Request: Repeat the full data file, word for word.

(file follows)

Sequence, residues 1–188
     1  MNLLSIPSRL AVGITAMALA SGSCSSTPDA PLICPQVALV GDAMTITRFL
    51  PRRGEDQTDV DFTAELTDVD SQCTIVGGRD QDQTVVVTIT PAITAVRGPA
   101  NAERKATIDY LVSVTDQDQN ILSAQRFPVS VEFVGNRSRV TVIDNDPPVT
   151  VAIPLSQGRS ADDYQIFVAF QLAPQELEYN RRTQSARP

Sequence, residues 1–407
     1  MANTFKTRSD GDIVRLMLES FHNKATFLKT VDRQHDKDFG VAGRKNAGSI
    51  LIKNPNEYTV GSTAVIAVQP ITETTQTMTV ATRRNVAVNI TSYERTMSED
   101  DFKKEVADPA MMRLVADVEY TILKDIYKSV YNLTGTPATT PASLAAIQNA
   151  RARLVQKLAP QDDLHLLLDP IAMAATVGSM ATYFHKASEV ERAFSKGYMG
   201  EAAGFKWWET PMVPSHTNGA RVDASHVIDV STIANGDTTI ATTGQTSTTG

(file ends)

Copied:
Sequence, residues 1–188
     1  MNLLSIPSRL AVGITAMALA SGSCSSTPDA PLICPQVALV GDAMTITRFL
    51  PRRGEDQTDV DFTAELTDVD SQCTIVGGRD QDQTVVVTIT PAITAVRGPA
   101  NAERKATIDY LVSVTDQDQN ILSAQRFPVS VEFVGNRSRV TVIDNDPPVT
   151  VAIPLSQGRS ADDYQIFVAF QLAPQELEYN RRTQSARP

Sequence, residues 1–407
     1  MANTFKTRSD GDIVRLMLES FHNKATFLKT VDRQHDKDFG VAGRKNAGSI
    51  LIKNPNEYTV GSTAVIAVQP ITETTQTMTV ATRRNVAVNI TSYERTMSED
   101  DFKKEVADPA MMRLVADVEY TILKDIYKSV YNLTGTPATT PASLAAIQNA
   151  RARLVQKLAP QDDLHLLLDP IAMAATVGSM ATYFHKASEV ERAFSKGYMG
   201  EAAGFKWWET PMVPSHTNGA RVDASHVIDV STIANGDTTI ATTGQTSTTG